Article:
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Child Abuse Negl. 1999 Dec;23(12):1253-62.

Children involved in bullying: psychological disturbance and the persistence of the involvement.

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Department of Child Psychiatry, Kuopio University Hospital, Finland.



This follow-up investigation studied the extent of bullying among children aged 8 (Study 1) and 12 (Study 2), and measured the persistence of this behaviour. The relationship between bullying and psychological disturbance at these two time points was also studied. Furthermore, the relationships between bullying and some background factors were investigated.


1268 children were studied at two time points using three different questionnaires. Parents filled out the Rutter A2 Scale, teachers the Rutter B2 Scale and children themselves the Children's Depression Inventory (CDI).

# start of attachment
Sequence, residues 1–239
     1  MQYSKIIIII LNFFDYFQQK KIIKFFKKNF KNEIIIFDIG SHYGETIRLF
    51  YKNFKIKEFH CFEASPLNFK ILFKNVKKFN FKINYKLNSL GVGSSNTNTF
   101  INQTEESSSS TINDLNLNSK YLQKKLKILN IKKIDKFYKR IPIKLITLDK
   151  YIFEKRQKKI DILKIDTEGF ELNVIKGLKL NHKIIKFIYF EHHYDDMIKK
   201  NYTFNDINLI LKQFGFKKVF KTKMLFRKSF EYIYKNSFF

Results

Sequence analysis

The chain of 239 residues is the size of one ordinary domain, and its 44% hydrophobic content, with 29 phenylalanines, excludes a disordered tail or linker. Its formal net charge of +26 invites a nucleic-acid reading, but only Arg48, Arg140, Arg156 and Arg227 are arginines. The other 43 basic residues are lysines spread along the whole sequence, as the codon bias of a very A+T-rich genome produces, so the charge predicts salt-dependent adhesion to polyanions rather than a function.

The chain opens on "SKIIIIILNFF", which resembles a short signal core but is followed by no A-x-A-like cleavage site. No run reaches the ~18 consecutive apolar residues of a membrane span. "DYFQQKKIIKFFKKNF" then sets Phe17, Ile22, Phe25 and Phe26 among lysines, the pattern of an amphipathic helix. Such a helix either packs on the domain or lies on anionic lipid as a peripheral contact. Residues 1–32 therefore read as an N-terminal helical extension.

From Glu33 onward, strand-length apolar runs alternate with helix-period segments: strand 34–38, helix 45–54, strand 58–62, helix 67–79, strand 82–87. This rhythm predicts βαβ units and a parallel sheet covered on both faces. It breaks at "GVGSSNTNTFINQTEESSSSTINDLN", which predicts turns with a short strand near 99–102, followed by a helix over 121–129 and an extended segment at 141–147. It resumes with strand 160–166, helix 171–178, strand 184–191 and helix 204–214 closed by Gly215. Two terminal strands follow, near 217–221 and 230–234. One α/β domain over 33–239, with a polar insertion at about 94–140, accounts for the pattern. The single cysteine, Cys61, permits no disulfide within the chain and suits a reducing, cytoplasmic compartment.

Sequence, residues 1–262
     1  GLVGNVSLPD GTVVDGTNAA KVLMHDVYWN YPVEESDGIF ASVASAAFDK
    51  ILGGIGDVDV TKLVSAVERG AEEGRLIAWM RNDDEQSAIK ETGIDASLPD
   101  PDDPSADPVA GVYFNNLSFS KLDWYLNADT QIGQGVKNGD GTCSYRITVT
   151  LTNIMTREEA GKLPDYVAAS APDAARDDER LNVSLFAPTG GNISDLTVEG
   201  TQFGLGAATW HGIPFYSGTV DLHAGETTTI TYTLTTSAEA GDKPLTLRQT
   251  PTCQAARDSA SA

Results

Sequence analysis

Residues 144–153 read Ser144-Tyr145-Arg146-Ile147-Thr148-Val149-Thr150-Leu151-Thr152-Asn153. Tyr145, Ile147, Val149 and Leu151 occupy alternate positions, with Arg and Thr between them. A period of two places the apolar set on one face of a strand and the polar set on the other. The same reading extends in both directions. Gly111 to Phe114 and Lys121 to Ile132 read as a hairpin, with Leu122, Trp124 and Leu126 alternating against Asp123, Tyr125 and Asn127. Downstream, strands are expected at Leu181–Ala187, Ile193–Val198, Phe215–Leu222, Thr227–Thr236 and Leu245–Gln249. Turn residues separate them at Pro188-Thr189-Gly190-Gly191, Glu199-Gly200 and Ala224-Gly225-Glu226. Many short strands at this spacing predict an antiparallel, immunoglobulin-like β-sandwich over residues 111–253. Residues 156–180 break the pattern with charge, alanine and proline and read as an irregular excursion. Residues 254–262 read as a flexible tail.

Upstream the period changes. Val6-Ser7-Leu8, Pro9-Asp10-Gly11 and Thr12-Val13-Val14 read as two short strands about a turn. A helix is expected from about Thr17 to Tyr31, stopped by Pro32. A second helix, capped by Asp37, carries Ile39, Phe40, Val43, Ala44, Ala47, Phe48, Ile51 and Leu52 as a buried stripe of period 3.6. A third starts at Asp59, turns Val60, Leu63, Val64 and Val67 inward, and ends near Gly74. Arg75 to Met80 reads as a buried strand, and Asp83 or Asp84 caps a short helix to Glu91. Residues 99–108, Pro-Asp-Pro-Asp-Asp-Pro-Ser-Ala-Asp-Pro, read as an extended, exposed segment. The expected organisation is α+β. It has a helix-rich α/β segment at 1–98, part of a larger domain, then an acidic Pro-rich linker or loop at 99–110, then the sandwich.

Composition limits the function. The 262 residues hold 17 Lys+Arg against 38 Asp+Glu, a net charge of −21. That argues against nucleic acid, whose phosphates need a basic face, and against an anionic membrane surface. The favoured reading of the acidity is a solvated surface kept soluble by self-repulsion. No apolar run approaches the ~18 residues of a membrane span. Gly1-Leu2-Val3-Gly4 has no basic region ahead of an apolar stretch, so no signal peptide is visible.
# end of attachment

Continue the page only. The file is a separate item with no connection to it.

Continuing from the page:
Males outnumbered females at both time points among bullies, bully-victims (children who both bully and are victims) and victims. There was a clear difference between the genders among bullies and bully-victims, but the difference was quite minimal among victims. The number of children involved in bullying declined somewhat during the 4-year follow-up period, and a substantial number of children changed status, bullies became bully-victims for example. Nearly half the children involved in bullying in Study 2 had been involved 4 years earlier. Those children who were bully-victims in Study 1 were most commonly found to be still involved in bullying 4 years later. At both time points, children involved in bullying were found to have significantly more psychiatric symptoms than other children, and to be psychologically disturbed. Males and children from low SES families were more prone to continue to be involved in bullying over a 4-year period.


Bullying is common among children, and in many cases lasts for years. Bully-victims are particularly at risk of remaining involved in bullying over longer periods. Also, children involved in bullying often have psychiatric problems and are disturbed.

[Indexed for MEDLINE]

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